Well, first things first. She needed to pay the bill. She dug deep into her purse, drawing out a handful of pennies and nickels, and started counting. In the background, the jukebox played Tumbleweed's new country single…

Feel the rush of my breath

Feel the heat of my hand…

Heat crawled up her backside as the words of the song suddenly made themselves manifest. The fiddler had snuck up on her. He put one of his ginormous hands on the bar, leaned his big body in, and slapped a ten-dollar bill down on top of her tab like he'd been counting the number of Cokes she'd drunk.

He turned toward her, his unreadable wolf eyes shaded by the brim of his Stetson. "You want to take this somewhere else?" he asked in a blurred drawl. Her insides clutched and burned.

She was close enough to see a network of lines at the corner of his eyes, and little threads of silver in his goatee. He wasn't young. That scared her a little. He was more man than she was used to handling—older and bigger and more dangerous than anyone else in her past.

"Maybe I was mistaken," he drawled in response to her slight hesitation. "I got the idea you might be interested."

Jane looked up into his eyes. A hot, blue flame flickered there. An answering heat resonated deep down inside her. Was this wishful thinking, desperation, or real desire made manifest by her own weakness for guys like this? It was kind of hard to tell.

Her head screamed that going with this guy would be like repeating the mistakes of the past. Getting soaked on a park bench would be better than this. But her body wasn't listening. Instead she gave the fiddler a smile and said, "Cowboy, take me away."

"You drive a minivan?" The girl—Mary, he reminded himself—stood beyond the service entrance to Dot's Spot with her hands fisted on her hips and a semisurprised look on her face.

"Yeah, well, it's practical for hauling around sound equipment and guitars. Disappointed?" Clay said, as he opened the side-panel door of his ancient Windstar and hoisted his fiddle, mandolin, and guitar cases into the cargo space.

The question was rhetorical. She was disappointed. Women had a habit of mistaking him for someone else—usually some bad-boy jerk with a Harley who would do them wrong sooner or later. Ironically, most women wasted no time in doing him wrong, as if he were the punching bag for their collective disappointments with males in general and bad boys in particular.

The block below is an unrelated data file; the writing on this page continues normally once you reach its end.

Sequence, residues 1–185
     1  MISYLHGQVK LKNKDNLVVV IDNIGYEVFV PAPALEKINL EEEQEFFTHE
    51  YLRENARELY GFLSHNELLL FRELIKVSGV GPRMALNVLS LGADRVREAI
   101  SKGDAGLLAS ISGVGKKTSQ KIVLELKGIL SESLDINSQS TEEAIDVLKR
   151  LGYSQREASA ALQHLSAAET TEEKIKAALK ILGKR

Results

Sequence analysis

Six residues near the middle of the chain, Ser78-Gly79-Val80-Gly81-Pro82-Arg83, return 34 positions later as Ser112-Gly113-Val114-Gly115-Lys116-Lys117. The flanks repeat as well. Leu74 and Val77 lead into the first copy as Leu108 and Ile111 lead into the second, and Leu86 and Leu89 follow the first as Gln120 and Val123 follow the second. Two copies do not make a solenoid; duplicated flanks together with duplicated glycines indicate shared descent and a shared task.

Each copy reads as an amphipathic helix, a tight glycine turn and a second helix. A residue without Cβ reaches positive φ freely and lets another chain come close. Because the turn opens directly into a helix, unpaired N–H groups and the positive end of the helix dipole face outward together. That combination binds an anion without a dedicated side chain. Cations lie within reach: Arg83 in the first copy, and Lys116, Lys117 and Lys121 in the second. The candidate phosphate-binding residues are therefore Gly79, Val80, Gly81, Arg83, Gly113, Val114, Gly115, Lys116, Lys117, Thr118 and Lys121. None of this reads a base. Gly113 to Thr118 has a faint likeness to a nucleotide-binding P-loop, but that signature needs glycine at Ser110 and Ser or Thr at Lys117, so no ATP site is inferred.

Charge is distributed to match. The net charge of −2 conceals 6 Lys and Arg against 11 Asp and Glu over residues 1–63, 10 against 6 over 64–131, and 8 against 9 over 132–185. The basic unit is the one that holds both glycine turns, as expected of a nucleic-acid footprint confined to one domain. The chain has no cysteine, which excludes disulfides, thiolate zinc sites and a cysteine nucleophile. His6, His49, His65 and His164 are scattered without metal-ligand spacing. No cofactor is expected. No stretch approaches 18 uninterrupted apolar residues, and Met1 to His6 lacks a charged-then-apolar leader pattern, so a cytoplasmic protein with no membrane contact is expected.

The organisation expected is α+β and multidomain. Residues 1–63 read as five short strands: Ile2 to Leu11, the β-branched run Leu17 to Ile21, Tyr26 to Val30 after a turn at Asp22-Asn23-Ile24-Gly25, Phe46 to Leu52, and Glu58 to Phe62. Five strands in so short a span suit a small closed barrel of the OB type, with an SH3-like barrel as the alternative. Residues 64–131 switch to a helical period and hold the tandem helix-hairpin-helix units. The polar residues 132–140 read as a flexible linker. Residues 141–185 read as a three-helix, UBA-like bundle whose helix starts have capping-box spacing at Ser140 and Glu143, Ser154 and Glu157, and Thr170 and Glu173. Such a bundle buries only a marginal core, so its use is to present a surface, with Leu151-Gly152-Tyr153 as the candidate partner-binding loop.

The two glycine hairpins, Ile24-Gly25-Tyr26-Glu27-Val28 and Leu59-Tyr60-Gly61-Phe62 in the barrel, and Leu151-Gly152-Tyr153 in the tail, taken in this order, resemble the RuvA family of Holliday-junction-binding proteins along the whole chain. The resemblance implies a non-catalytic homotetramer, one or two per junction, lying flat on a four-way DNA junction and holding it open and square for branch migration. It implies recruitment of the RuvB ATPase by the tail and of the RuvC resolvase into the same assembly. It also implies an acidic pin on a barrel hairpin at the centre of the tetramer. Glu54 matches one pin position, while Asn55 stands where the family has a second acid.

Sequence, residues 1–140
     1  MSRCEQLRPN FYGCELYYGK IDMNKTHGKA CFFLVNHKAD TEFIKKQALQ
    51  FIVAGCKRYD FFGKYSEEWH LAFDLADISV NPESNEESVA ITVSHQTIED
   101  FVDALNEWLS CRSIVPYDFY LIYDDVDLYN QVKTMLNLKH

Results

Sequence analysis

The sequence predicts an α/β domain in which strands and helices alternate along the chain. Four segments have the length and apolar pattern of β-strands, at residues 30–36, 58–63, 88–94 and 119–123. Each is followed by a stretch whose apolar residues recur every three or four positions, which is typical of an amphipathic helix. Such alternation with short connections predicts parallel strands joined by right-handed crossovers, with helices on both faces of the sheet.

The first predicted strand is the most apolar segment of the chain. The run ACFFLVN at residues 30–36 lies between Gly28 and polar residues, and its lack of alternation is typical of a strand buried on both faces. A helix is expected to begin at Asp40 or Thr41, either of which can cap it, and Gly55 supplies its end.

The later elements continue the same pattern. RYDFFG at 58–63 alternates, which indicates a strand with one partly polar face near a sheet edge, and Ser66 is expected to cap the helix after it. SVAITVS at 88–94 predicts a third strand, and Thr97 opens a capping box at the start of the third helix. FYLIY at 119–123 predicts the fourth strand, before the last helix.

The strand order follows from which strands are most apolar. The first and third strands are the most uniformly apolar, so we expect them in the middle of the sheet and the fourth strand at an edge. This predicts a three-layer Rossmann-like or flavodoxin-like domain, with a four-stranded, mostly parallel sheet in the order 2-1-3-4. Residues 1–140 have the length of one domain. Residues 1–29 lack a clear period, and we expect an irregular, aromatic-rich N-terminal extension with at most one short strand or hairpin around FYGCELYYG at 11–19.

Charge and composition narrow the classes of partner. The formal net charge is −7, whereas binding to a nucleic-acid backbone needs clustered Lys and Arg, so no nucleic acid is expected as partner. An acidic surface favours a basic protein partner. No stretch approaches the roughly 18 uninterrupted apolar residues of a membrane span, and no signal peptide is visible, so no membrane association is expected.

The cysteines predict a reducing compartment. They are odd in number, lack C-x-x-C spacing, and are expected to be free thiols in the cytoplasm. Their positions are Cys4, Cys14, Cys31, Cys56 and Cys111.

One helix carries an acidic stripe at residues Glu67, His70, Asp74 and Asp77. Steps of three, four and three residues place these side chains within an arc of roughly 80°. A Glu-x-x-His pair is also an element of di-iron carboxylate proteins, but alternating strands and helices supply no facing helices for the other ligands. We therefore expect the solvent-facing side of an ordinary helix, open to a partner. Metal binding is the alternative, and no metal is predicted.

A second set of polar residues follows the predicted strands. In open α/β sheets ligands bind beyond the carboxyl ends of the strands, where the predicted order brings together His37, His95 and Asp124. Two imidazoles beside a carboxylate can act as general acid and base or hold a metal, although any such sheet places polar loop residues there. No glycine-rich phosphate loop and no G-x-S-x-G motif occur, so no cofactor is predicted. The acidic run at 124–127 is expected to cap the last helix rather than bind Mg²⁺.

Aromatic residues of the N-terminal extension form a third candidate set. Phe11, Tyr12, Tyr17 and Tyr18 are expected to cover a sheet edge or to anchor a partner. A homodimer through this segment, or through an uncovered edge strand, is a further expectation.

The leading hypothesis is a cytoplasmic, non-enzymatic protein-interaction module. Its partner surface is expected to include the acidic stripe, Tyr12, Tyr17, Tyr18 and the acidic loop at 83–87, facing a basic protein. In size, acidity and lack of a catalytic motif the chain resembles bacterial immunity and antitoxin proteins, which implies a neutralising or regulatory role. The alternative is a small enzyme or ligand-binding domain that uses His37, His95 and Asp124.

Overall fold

He turned around and faced the girl. She had the wrong idea about him. And he wasn't going to disabuse her of it. He was going to take her to the Peach Blossom Motor Court and become that bad boy she was looking for. He wasn't going to apologize to anyone for it either.

He was tired of being a good man.

He was tired of living his life along the straight and narrow.

But most of all, he was weary of being alone.

The girl stepped forward, her body swaying in the lamplight, the gusty wind lifting her hair and whipping it across her face. She tucked the hair behind her ear and gave him a simple smile that curled up the dimples in her cheek. Desire, sweet and warm, flooded through him.

He opened the van's door for her, and she stepped close enough for him to catch the blended scents of cigarette smoke and something spicy like sandalwood or jasmine. Awareness jolted him to full arousal. He felt like a sixteen-year-old with a killer hard-on—the kind that blinded a boy and made him do stupid things. He had to admit he liked that mindless feeling.

She turned in the corner of the door and glanced up at him. She stopped moving, her lips quirking in a clear show of interest. He leaned in, slanting his mouth over hers, pulling her lower lip into his mouth. He tasted cinnamon and the hopefulness of youth.

He fell hard into that kiss and knew he was a goner the minute she responded to him. He put his hand on the flare of her hip and pulled her hard against him.

He was headed straight to hell, with only a short layover at a no-tell motel before the Devil took him.

•     •     •

The sign said "Peach Blossom Motor Court" in flaming pink neon. Jane had hit rock bottom in her life. The fiddler had checked them in, and she watched through the windshield of his van as he returned with the key in his hand.

He was something, all right. A big man striding across the parking lot on a pair of the pointiest cowboy boots she had ever seen. Yessir, she would probably forget about this low-rent scenario the minute he put his mouth on hers again.